Thursday’s press release of left-handed pitcher Dana Eveland being designated for assignment is confirmation of the off-season plan devised by first-year Orioles executive vice president of baseball operations Dan Duquette.
Yes, the failure of Eveland — who signed a $750,000 contract in December — to establish himself as a legitimate rotation candidate in Spring Training is good news for the short and long term interests of the Orioles. It takes considerable time for a farm system to be evaluated and overhauled, so the idea of serious reinforcements arriving to aid the worst starting staff in the American League was remote.
The only way Baltimore can see more success on the field in 2012 is through improved starting pitching. Considering the reluctance of free agents in choosing the Orioles and the lack of willingness to spend to convince them, that improvement wasn’t coming in the form of a big ticket free agent, either.
While the litany of names poured through in press release — Eveland? Chen? Wada? Hammel? — the snickers were heard through Baltimore. None had proven themselves to be even average starters at the big league level. None looked capable of surviving the AL East. While the sentiment is probably very accurate, it missed the point. The only cure for the 2012 Orioles lies in the improvement of their current young arms.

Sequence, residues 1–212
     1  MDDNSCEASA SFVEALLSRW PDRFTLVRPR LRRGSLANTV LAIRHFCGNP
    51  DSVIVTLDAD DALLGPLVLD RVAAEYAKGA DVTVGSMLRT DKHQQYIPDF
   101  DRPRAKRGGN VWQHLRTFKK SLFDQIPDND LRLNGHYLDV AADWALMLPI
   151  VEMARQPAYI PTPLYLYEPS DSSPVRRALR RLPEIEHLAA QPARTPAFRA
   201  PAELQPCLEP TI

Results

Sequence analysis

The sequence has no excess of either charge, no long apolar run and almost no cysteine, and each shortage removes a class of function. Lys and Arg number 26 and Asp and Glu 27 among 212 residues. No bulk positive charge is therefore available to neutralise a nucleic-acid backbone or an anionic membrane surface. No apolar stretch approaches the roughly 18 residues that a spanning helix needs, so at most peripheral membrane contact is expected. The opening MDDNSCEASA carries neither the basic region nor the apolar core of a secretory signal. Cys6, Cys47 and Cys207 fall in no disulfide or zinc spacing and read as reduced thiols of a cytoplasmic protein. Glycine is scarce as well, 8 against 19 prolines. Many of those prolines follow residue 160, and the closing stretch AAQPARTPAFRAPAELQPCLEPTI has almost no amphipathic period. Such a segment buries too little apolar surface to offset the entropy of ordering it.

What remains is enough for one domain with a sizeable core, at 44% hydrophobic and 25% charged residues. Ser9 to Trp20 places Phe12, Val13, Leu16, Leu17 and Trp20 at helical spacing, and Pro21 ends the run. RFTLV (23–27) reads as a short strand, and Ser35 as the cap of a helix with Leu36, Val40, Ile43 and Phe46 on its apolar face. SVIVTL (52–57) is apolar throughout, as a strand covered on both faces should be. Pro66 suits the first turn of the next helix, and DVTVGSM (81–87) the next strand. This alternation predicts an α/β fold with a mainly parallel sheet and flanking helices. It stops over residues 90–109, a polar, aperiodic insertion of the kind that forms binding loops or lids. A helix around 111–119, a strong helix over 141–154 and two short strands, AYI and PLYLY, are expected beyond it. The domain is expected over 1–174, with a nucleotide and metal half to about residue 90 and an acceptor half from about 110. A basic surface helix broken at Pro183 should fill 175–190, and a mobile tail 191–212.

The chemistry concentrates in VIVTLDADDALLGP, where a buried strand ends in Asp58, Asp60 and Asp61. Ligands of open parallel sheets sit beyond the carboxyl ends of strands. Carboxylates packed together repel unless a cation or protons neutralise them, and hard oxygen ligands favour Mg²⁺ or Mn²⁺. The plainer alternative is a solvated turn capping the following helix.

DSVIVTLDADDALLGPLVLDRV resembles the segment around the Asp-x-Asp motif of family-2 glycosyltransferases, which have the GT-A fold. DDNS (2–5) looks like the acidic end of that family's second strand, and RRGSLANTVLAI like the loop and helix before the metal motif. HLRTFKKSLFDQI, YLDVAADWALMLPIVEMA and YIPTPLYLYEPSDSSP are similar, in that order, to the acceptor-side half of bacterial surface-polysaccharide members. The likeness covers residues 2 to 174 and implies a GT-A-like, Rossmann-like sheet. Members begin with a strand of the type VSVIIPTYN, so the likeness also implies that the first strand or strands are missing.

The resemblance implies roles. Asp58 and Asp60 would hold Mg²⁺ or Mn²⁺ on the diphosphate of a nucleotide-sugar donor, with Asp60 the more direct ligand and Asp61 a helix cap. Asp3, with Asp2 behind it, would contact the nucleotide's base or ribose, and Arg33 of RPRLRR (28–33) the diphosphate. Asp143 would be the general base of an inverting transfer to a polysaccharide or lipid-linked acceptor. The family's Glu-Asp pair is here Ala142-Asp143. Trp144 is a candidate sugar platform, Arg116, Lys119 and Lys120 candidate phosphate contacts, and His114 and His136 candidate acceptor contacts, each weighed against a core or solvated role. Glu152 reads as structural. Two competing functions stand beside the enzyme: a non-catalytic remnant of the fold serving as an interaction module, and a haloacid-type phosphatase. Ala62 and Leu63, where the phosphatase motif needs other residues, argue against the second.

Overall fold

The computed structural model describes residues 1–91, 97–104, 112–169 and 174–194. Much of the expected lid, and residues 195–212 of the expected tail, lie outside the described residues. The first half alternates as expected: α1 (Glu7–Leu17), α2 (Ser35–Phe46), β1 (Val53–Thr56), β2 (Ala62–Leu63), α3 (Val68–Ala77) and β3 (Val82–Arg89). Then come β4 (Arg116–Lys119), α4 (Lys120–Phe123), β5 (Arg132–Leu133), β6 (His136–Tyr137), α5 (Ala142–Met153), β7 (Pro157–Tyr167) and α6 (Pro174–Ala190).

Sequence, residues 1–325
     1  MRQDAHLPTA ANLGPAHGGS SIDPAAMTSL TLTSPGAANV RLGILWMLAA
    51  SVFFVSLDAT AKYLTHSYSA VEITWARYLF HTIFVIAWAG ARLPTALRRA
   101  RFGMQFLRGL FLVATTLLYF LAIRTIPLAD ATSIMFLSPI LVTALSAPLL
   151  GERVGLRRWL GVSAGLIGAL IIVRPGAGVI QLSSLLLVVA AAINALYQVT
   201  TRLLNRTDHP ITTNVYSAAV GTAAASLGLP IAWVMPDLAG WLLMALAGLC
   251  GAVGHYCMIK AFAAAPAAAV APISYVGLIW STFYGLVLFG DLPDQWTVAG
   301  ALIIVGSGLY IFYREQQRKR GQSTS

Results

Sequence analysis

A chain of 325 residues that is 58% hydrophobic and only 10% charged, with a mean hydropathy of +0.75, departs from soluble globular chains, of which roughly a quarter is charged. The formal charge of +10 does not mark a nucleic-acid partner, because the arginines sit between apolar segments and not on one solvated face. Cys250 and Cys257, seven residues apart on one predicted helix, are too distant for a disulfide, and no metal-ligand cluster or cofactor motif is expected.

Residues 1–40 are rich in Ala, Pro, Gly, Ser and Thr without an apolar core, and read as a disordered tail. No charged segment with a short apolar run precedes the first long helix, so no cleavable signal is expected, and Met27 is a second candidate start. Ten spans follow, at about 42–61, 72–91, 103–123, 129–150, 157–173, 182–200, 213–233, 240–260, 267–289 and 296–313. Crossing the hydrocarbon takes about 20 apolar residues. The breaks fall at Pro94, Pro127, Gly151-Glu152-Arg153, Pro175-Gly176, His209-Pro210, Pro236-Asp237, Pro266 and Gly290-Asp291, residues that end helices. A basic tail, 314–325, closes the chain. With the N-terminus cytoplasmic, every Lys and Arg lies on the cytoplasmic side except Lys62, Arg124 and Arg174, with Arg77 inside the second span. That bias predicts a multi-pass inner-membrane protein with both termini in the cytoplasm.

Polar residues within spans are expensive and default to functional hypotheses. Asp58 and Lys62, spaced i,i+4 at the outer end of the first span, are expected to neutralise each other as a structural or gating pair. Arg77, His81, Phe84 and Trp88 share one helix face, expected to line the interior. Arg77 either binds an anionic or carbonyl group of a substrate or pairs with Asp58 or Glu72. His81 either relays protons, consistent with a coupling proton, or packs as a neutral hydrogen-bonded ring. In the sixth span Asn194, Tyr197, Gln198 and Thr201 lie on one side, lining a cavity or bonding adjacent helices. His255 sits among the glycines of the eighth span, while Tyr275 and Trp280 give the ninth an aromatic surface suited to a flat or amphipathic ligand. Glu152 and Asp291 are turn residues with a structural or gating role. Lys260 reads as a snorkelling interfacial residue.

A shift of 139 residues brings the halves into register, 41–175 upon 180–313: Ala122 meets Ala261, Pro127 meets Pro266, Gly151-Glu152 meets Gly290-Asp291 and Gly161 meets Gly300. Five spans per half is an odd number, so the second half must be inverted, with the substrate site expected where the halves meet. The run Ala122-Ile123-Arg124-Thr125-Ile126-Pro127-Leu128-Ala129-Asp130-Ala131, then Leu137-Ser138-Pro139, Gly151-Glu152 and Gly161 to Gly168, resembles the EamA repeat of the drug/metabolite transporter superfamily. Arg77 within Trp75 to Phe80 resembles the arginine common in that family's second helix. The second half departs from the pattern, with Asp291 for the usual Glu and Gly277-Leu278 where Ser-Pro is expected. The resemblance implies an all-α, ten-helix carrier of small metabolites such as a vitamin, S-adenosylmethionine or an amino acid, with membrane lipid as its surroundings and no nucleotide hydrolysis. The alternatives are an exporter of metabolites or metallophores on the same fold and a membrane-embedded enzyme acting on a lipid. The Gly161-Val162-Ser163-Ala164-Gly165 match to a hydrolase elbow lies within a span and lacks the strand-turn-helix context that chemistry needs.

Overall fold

It wasn’t long ago when there was optimism around Zach Britton, Chris Tillman, Brian Matuz, and Jake Arrieta. They were supposed to be four high-end arms to lead the young Orioles through the treacherous American League East. What happened to them? Well, they’re all still in Sarasota competing for jobs. Their lack of production and/or injury concerns halted the development of what looked to be a rotation with decent potential. Britton developed a shoulder injury, Tillman sports a career earned run average in the 5′s, Arrieta had bone spurs and a disturbing tendency to throw fastballs over the middle of the plate. As for Matusz? He backed up a strong finish in 2010 (7-1, 2.18 ERA over last 11 starts) with the worst season a starting pitcher has ever had. Ever. 10.69 earned run average, .693 slugging percentage allowed. You name a record a pitcher doesn’t want to own, he owns it.